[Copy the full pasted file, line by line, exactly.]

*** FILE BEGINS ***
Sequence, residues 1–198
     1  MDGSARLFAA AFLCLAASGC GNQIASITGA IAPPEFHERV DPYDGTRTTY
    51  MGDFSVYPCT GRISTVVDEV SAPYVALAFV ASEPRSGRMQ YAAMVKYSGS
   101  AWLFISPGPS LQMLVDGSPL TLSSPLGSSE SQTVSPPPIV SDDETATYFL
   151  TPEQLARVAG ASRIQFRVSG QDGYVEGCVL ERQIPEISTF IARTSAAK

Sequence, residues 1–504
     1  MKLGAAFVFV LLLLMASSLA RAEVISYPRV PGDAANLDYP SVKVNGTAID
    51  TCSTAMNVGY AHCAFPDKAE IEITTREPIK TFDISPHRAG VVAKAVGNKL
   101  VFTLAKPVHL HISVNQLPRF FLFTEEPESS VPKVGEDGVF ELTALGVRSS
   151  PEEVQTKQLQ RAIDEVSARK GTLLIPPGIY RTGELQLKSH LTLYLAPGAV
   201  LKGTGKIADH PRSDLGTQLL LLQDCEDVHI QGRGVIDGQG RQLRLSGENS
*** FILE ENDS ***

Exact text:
Sequence, residues 1–198
     1  MDGSARLFAA AFLCLAASGC GNQIASITGA IAPPEFHERV DPYDGTRTTY
    51  MGDFSVYPCT GRISTVVDEV SAPYVALAFV ASEPRSGRMQ YAAMVKYSGS
   101  AWLFISPGPS LQMLVDGSPL TLSSPLGSSE SQTVSPPPIV SDDETATYFL
   151  TPEQLARVAG ASRIQFRVSG QDGYVEGCVL ERQIPEISTF IARTSAAK

Sequence, residues 1–504
     1  MKLGAAFVFV LLLLMASSLA RAEVISYPRV PGDAANLDYP SVKVNGTAID
    51  TCSTAMNVGY AHCAFPDKAE IEITTREPIK TFDISPHRAG VVAKAVGNKL
   101  VFTLAKPVHL HISVNQLPRF FLFTEEPESS VPKVGEDGVF ELTALGVRSS
   151  PEEVQTKQLQ RAIDEVSARK GTLLIPPGIY RTGELQLKSH LTLYLAPGAV
   201  LKGTGKIADH PRSDLGTQLL LLQDCEDVHI QGRGVIDGQG RQLRLSGENS